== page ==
Planning: Game of Checkers. Jafar invites his own destruction with a lazy plan that just assumes nobody would dare cross him. It’s doubly baffling as he already has all of the real power as Vizier. Basically his vanity drives him to commit unforced errors constantly. 2/10.
Minions: Comic Relief. While sustained exposure to Gilbert Godfried’s voice could technically kill you, Iago is just there for sarcasm. Heck, he even goes over to the good side in the sequels. 1/10.
Ambition: Regime Change. Jafar doesn’t want to kill the Sultan. Just humiliate him while Jafar rules the kingdom and forces Jasmine to marry him. Since the opening song hints that the kingdom is kinda a shitty place already, maybe Sultan Jafar would be good for business. 5/10.
Demise: Enslaved…Exploded…Dragged to Hell. Over the course of three films, Disney seems to take delight in disposing of Jafar in new and awful ways. He’s originally condemned to serve eternally in the lamp. Then he breaks free but is killed in an explosion that destroys the lamp. Finally, he teams up with Hades, only to wind up dragged into the River Styx, where he dies a final time. 9/10.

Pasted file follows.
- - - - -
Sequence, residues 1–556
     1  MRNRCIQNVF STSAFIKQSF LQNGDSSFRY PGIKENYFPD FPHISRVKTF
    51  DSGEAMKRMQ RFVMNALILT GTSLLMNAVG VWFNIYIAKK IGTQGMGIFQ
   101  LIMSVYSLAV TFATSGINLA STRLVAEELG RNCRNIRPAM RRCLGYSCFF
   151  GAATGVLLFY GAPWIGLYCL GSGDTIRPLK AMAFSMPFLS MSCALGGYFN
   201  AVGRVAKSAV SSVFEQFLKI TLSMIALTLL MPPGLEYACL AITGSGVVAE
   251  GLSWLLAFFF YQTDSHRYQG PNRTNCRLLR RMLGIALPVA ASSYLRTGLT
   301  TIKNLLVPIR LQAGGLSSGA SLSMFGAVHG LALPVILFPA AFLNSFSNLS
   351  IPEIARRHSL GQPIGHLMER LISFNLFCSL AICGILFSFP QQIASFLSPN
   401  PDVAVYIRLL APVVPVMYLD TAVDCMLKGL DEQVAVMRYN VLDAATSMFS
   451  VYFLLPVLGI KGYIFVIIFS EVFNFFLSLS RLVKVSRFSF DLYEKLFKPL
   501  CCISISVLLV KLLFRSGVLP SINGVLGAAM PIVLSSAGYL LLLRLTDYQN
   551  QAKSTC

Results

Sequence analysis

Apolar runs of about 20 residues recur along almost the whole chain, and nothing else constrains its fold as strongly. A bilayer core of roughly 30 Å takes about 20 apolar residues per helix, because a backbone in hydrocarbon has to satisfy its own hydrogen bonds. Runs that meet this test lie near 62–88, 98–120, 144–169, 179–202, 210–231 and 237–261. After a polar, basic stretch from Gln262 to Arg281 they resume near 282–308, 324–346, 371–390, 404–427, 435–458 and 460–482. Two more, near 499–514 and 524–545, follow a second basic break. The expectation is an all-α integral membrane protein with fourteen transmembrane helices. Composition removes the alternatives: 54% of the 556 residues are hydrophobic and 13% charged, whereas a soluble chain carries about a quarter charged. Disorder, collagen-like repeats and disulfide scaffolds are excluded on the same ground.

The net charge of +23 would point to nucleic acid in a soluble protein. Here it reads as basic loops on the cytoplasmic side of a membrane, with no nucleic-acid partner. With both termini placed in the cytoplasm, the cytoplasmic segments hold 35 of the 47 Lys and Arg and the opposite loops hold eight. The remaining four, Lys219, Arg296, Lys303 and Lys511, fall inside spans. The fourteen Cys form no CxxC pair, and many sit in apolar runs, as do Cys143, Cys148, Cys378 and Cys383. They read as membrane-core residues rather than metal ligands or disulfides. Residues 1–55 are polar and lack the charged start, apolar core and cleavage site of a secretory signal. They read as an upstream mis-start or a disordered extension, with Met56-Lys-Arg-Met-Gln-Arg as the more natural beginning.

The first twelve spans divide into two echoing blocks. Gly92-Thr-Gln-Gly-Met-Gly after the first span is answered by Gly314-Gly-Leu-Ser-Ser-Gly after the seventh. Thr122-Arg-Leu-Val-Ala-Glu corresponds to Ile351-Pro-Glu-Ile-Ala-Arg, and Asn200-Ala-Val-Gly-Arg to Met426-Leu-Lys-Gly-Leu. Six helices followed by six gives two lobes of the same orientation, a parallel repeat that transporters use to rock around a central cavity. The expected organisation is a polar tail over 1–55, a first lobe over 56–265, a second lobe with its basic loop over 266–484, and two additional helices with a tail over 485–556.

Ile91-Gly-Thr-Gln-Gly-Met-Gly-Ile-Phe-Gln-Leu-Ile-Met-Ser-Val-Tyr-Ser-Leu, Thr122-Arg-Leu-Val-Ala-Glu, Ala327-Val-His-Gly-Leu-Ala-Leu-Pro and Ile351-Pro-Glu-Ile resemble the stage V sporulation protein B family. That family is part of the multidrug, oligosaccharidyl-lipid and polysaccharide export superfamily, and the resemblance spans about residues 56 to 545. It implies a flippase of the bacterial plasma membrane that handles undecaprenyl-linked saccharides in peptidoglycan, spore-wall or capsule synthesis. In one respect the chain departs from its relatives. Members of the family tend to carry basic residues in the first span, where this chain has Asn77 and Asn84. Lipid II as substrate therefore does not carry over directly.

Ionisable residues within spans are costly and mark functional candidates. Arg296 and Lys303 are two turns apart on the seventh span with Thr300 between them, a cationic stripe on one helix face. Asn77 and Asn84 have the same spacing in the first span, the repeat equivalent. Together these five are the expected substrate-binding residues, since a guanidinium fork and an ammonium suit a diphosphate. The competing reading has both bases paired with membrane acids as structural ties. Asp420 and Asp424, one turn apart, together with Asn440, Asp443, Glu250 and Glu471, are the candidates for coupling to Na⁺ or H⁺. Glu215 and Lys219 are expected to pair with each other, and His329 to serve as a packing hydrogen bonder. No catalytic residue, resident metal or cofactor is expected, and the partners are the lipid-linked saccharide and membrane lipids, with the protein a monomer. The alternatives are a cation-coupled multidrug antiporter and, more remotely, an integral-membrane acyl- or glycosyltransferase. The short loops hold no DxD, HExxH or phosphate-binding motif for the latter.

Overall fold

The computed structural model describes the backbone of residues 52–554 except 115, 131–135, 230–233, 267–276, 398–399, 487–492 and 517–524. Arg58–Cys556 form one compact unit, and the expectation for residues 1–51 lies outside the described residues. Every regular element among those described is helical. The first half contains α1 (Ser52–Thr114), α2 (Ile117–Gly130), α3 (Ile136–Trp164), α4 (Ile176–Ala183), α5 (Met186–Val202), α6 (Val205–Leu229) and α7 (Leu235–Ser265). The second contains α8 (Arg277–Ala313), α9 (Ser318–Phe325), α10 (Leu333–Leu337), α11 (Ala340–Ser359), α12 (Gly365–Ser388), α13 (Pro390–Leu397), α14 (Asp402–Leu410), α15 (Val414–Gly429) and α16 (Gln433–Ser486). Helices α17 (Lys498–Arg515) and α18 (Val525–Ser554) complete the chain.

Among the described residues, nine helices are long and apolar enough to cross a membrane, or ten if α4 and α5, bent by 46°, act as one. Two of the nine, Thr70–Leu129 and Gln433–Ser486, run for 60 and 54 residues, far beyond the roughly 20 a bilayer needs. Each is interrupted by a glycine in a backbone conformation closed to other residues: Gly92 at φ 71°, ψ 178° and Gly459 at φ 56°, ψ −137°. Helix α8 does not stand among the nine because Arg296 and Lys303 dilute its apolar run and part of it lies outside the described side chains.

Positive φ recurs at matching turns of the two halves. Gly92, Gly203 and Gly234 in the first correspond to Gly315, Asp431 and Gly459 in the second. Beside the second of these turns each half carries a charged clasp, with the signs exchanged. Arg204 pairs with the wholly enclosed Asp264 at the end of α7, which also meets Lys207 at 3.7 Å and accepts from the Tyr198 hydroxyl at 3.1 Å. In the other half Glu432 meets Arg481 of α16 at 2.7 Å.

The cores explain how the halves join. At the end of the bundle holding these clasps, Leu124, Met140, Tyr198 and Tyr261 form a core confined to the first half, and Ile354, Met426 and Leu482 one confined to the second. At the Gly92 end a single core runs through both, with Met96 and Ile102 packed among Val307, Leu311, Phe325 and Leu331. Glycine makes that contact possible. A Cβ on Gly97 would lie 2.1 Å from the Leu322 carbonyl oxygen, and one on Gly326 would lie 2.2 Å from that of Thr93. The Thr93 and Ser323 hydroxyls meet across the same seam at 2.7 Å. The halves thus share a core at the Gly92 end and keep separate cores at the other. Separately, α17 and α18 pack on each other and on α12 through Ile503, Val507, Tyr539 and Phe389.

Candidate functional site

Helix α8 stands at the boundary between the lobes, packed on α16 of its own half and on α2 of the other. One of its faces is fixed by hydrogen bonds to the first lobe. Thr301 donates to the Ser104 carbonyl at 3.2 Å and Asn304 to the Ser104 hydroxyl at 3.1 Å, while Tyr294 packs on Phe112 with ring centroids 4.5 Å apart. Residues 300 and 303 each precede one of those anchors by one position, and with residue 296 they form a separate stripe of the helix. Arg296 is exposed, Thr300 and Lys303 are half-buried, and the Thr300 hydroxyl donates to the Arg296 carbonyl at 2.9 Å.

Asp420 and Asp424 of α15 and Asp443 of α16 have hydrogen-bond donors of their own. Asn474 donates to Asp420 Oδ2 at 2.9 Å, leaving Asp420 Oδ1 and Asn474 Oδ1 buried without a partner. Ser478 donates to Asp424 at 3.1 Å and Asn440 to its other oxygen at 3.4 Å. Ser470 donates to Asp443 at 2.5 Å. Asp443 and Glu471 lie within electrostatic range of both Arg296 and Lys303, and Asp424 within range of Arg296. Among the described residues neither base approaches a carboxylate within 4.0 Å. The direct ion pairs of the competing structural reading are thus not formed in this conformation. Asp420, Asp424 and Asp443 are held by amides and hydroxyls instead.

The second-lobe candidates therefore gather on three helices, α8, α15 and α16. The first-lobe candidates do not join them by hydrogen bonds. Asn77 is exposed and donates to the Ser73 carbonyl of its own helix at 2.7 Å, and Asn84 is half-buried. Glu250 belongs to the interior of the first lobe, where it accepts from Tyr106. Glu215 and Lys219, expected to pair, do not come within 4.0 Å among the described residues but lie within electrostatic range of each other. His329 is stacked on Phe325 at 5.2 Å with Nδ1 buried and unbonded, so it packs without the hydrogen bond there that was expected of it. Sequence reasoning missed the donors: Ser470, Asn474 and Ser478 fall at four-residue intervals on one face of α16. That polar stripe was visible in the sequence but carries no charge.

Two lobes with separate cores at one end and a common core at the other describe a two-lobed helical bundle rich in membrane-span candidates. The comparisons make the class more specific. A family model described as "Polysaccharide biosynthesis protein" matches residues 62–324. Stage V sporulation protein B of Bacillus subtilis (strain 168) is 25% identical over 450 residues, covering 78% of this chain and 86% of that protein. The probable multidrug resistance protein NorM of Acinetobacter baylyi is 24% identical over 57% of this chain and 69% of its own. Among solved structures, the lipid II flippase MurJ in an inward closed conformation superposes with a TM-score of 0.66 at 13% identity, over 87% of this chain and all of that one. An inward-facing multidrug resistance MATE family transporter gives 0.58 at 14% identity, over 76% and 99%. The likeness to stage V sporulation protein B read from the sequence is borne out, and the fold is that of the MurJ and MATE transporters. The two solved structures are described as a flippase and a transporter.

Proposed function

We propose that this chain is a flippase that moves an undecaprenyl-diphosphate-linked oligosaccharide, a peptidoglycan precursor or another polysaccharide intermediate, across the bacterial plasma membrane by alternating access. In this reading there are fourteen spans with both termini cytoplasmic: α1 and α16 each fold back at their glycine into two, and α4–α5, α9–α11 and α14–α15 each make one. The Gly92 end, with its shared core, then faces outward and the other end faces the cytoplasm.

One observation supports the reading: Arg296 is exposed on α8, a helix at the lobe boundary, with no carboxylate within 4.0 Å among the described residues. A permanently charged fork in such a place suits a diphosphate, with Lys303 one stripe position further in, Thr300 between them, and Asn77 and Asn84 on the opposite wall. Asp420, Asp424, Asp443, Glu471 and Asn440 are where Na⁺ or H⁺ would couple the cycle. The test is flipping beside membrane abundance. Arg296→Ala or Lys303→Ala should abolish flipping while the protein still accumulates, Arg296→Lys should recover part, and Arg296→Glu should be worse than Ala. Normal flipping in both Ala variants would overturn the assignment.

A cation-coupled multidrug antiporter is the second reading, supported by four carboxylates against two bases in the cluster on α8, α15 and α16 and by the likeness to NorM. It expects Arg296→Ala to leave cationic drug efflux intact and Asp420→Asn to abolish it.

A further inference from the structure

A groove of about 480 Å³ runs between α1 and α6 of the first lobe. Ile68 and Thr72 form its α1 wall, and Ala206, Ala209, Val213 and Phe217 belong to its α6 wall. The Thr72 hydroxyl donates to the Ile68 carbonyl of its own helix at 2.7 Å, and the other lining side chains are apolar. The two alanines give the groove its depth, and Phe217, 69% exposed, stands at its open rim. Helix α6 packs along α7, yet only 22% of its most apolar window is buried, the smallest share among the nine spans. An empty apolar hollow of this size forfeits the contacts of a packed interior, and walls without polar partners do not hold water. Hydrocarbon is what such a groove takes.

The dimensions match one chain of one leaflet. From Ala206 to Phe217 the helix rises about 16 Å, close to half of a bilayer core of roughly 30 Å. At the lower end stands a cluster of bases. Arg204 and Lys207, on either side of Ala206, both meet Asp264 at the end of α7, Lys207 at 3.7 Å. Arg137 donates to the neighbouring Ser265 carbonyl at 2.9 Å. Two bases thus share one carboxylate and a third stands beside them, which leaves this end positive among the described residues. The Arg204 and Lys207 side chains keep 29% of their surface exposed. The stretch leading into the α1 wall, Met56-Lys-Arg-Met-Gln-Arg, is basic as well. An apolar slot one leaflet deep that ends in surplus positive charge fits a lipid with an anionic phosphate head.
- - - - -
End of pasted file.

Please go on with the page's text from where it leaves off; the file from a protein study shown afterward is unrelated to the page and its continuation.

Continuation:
Yeah. That’s probably not supposed to happen.

4. Professor Ratigan (Score: 27)

The Great Mouse Detective, 1986 Disney
Vincent Price must have had a field day doing the voice-work.

Prowess: Peak Human Rat. Ratigan is the Moriarty to Basil’s Sherlock, so possesses a cunning and merciless tactical mind. He’s also capable of completely hulking out when called a rat, making him a physical threat as well. 6/10.
Planning: Game of Thrones. Ratigan constructs a Swiss watch of a plan, literally having a wind-up Queen created to replace the real rodent monarch, after which he will name himself regent. The plan is embroidered with elaborate details in order to frustrate and humiliate his rival, the great mouse detective Basil. 6/10.
Minions: Competent. Fidget may seem like comic relief, but the twitchy bat henchmen dutifully accomplishes every nefarious task set before him. 5/10.